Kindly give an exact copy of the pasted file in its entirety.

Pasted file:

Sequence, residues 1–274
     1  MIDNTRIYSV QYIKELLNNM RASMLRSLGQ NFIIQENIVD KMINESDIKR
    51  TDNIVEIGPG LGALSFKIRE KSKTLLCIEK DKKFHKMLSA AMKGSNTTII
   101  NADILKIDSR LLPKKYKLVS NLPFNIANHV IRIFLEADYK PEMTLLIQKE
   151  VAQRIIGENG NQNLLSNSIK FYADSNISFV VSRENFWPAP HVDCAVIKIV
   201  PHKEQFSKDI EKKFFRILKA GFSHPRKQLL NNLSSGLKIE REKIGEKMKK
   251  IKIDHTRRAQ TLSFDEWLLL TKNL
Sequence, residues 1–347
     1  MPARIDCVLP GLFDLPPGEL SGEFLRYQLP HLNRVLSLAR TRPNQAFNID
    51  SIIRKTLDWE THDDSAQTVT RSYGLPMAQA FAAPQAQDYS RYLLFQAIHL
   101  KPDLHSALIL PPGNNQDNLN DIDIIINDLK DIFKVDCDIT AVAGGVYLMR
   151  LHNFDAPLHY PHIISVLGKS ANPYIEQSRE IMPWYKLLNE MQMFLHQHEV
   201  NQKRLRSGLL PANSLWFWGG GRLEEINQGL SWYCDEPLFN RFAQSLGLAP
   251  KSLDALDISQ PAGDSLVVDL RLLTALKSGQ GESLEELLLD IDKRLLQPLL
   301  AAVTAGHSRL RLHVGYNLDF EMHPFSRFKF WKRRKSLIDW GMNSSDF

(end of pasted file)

Sequence, residues 1–274
     1  MIDNTRIYSV QYIKELLNNM RASMLRSLGQ NFIIQENIVD KMINESDIKR
    51  TDNIVEIGPG LGALSFKIRE KSKTLLCIEK DKKFHKMLSA AMKGSNTTII
   101  NADILKIDSR LLPKKYKLVS NLPFNIANHV IRIFLEADYK PEMTLLIQKE
   151  VAQRIIGENG NQNLLSNSIK FYADSNISFV VSRENFWPAP HVDCAVIKIV
   201  PHKEQFSKDI EKKFFRILKA GFSHPRKQLL NNLSSGLKIE REKIGEKMKK
   251  IKIDHTRRAQ TLSFDEWLLL TKNL
Sequence, residues 1–347
     1  MPARIDCVLP GLFDLPPGEL SGEFLRYQLP HLNRVLSLAR TRPNQAFNID
    51  SIIRKTLDWE THDDSAQTVT RSYGLPMAQA FAAPQAQDYS RYLLFQAIHL
   101  KPDLHSALIL PPGNNQDNLN DIDIIINDLK DIFKVDCDIT AVAGGVYLMR
   151  LHNFDAPLHY PHIISVLGKS ANPYIEQSRE IMPWYKLLNE MQMFLHQHEV
   201  NQKRLRSGLL PANSLWFWGG GRLEEINQGL SWYCDEPLFN RFAQSLGLAP
   251  KSLDALDISQ PAGDSLVVDL RLLTALKSGQ GESLEELLLD IDKRLLQPLL
   301  AAVTAGHSRL RLHVGYNLDF EMHPFSRFKF WKRRKSLIDW GMNSSDF